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6 Metrics that you might think are important but are not really (and what to follow)

Do you know all these statistics that you follow?

They are probably not worth anything.

I'm not saying that they have absolutely no value, of course. I'm just saying that they do not do anything for your bottom line most of the time.

These are the things you think are important, but do not do it.

In other words, you can follow them, but do not rely on them for the actual dollar value.

The trick is to know which ones are valuable and which ones are not.

Here's why some of these "important" metrics do not really matter. With some concrete actions, you should rather worry.

1. Clicks + Pageviews

We have already heard everything. The questions, egos, bragging.

How to drive 100,000 visitors in a month? I need fast traffic!

Here's how I drove 4,000 visitors a day, you can also with these simple tips!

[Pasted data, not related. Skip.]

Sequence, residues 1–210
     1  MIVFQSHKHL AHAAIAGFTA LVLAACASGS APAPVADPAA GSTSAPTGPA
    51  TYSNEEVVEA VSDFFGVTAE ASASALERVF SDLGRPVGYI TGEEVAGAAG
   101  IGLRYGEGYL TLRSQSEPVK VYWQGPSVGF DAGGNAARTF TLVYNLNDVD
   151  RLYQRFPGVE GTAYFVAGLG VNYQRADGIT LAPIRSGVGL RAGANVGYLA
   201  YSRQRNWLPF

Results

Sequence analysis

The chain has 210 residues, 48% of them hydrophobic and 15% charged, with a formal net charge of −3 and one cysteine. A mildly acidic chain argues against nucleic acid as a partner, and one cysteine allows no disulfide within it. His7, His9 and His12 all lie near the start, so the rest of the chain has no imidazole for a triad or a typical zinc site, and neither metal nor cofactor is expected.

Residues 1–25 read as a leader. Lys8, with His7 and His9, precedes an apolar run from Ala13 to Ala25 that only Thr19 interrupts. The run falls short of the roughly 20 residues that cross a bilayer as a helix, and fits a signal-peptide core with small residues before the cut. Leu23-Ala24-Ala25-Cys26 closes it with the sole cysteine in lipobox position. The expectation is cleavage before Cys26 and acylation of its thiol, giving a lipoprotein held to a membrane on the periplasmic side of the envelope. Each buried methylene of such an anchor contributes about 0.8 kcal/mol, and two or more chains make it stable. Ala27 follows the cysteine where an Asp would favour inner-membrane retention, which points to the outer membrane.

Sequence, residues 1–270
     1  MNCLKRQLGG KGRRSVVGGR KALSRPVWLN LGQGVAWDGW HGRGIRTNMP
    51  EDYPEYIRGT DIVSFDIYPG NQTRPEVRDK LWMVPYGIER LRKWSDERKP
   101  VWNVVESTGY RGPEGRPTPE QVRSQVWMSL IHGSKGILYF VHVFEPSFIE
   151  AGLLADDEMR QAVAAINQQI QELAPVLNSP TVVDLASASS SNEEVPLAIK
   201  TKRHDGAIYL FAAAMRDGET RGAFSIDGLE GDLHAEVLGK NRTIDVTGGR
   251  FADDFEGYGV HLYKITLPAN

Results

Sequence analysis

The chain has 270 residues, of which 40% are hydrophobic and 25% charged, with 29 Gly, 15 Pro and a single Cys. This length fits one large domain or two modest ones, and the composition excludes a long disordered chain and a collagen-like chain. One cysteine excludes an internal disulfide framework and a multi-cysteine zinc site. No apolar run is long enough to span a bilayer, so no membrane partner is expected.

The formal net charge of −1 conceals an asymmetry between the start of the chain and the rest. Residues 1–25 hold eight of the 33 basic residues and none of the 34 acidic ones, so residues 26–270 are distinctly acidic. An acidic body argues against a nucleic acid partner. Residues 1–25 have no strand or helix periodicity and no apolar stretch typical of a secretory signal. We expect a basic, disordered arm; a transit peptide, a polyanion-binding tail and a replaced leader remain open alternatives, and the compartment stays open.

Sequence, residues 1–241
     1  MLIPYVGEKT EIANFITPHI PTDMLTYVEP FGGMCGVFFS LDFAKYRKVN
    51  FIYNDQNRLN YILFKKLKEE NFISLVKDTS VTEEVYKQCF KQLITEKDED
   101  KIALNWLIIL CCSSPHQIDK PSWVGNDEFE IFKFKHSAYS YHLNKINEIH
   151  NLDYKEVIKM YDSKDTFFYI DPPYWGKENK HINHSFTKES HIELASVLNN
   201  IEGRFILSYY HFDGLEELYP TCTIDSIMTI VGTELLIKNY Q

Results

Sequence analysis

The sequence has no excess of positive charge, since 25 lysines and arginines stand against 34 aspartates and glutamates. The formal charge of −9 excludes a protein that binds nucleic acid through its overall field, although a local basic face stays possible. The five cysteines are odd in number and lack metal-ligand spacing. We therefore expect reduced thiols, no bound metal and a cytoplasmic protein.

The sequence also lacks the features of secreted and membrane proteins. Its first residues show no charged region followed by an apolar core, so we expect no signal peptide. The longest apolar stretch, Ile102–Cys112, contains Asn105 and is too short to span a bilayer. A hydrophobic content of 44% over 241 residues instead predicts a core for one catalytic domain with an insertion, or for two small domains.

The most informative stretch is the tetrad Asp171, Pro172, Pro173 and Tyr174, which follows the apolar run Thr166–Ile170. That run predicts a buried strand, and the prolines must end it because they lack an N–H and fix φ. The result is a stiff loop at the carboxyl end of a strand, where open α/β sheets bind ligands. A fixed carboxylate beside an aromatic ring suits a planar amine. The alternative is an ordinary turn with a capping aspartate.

* sigh *

That sounds too good to be true, because that's the case.

Unless you are paid for the page view, and want people to bounce back instantly and never come back, then go for it. Spam your link on Pinterest, forums and Reddit.

But if you want to be realistic with yourself, clicks on your ads and page views on your content mean nothing if people are not:

  1. To stay and read more about it on your website
  2. Conversion / purchase of a product or service / registration to something
  3. Complete the goal you have set for this page for visitors

So, if your clicks went through the roof yesterday like this: